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Segarra Presents 2011-12 Budget That Would Keep Tax Rate Flat

Jenna Carlesso

April 19, 2011

Mayor Pedro Segarra presented his first city budget on Monday, a $547.7 million plan that raises spending but doesn't require an increase in the tax rate.

Spending would rise by $3.25 million, or 0.6 percent, in the 2011-12 fiscal year, Segarra said. But the tax rate would remain the same as this year, at 72.79 mills. A mill equals $1 for every $1,000 of assessed property.

Most residents, however, could still see their tax bills go up as much as 5 percent in some cases because of a state-mandated property revaluation that would increase the assessed value of residential properties.

The mayor said the spending increase is attributable to collective bargaining requirements and payments to the city pension fund. Direct contributions to the fund will rise to about $20.9 million in 2011-12, city officials said, a nearly $9 million increase over the current year.

The increase is due to "the smoothing out of losses sustained to the pension fund as a result of the market years ago," Segarra said.

Segarra's budget proposal doesn't include layoffs. He said savings would be achieved through an early retirement incentive program and by moving city employees to the state's prescription drug plan, which would save close to $2 million. About 30 employees took part in a retirement incentive program that was offered last fall, and not all of those positions have been filled, the mayor said.

Segarra also proposed creating a grants management division under the city's office of management and budget, increasing contributions to the city's youth employment program and hiring a development director.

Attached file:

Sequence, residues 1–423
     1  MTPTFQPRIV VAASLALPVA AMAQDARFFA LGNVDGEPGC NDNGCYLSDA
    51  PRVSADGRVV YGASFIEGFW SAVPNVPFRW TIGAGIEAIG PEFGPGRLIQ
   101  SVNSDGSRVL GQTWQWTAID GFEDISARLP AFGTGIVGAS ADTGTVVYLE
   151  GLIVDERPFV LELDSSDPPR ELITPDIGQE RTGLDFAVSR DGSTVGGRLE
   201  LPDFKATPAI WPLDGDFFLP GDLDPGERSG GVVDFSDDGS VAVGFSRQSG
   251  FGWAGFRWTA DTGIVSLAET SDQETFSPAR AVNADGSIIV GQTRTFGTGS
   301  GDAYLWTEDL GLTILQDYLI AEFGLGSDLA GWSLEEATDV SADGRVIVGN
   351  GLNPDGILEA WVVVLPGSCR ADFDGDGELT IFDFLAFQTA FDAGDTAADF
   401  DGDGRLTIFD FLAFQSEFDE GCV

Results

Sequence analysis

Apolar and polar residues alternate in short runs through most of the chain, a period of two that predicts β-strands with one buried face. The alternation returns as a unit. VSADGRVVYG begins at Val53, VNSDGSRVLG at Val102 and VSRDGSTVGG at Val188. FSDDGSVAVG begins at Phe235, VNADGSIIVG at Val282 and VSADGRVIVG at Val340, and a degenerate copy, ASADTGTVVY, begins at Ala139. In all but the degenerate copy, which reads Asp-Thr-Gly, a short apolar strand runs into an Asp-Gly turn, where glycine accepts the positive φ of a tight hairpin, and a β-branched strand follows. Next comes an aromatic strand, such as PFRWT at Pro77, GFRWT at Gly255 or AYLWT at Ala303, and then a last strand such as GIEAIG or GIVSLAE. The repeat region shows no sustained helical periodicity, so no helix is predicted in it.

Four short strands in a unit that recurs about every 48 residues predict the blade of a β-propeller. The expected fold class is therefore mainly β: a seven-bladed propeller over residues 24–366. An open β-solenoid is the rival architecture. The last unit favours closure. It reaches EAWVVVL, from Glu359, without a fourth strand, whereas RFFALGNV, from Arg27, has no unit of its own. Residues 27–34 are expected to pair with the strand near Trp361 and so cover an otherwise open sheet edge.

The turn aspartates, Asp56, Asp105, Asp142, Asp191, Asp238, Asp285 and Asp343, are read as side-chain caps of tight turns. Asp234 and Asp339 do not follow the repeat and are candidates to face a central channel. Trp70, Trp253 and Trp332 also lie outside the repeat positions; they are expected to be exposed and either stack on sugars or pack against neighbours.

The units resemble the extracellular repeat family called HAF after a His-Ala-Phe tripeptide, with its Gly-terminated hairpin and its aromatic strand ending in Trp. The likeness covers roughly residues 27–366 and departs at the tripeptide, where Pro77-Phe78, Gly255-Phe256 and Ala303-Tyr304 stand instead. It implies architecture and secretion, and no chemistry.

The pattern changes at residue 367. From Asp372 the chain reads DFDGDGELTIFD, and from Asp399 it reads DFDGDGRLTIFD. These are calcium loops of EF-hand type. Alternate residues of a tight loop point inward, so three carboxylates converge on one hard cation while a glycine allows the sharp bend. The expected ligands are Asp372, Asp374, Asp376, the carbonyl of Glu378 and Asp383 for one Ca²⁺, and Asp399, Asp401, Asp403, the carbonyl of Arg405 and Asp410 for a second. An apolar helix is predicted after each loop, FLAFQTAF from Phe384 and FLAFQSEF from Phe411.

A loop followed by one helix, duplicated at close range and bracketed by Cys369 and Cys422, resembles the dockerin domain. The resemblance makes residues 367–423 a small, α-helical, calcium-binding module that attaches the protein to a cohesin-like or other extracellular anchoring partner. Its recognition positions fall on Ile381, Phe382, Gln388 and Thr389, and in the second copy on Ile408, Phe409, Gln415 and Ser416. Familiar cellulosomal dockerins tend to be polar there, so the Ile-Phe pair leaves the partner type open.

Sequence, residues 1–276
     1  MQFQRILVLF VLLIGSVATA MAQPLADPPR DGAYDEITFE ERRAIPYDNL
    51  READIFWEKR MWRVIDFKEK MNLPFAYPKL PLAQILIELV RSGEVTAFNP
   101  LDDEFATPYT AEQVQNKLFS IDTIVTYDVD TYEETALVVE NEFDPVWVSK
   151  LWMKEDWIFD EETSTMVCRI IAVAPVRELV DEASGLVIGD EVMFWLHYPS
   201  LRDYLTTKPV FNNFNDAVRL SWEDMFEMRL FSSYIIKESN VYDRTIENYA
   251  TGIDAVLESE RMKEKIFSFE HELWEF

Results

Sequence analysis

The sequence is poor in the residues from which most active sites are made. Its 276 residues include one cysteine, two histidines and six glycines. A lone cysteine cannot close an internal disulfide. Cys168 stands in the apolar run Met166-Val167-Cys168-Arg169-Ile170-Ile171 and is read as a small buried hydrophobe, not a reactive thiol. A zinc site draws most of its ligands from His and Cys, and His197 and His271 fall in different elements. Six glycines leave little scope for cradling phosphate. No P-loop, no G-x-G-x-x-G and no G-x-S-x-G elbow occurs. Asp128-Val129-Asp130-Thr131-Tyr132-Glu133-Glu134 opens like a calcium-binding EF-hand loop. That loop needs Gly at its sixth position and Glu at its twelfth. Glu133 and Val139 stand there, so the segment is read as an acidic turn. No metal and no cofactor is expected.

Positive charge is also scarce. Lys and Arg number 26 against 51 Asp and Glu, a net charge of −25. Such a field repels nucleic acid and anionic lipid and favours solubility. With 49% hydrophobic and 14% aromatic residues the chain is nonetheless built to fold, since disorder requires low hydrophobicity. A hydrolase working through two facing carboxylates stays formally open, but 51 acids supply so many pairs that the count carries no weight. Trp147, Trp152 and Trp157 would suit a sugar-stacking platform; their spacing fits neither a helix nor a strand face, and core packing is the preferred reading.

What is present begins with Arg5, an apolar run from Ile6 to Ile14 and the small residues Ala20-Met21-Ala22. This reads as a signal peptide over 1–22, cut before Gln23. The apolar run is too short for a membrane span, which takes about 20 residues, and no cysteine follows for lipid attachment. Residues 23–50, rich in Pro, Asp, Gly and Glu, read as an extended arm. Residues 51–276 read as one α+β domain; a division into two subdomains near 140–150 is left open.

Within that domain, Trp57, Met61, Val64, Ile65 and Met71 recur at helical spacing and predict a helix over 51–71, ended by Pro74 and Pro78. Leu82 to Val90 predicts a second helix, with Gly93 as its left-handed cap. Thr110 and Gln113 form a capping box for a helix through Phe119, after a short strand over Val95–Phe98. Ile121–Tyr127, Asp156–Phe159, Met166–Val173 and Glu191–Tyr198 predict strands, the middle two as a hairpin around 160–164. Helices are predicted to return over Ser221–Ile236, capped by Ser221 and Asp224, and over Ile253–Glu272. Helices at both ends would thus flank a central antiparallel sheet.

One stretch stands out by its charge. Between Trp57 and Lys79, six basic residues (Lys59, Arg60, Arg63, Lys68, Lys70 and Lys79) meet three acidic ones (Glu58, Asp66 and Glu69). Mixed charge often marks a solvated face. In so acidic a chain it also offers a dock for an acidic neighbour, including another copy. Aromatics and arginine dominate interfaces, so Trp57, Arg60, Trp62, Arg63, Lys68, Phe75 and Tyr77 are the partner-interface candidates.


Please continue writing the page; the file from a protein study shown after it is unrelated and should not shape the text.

He said he included suggestions from the public and the city council when drafting his budget.

"I met with the public before I put the budget together," Segarra said Thursday. "I heard the public say that they cannot stand a mill rate increase, and we've accomplished that."

City Councilman Kenneth Kennedy, chairman of the panel's operations, management and budget committee, said the mayor is "correct" in keeping the tax rate the same.

"I don't think a tax increase is appropriate given the economic climate," Kennedy said. "The people of Hartford simply can't afford it. The tax base has been overburdened by the previous administration."

Council President rJo Winch said the council's "ultimate goal" was to keep the tax rate flat, and that was accomplished. But she said she's disappointed that city officials have not addressed filling vacant positions in the public works department.

The city council will now begin budget deliberations. The council has until May 21 to amend the mayor's proposed budget.

The city's deadline to adopt a budget is May 31.

Reprinted with permission of the Hartford Courant. To view other stories on this topic, search the Hartford Courant Archives at http://www.courant.com/archives.
| Last update: September 25, 2012 |
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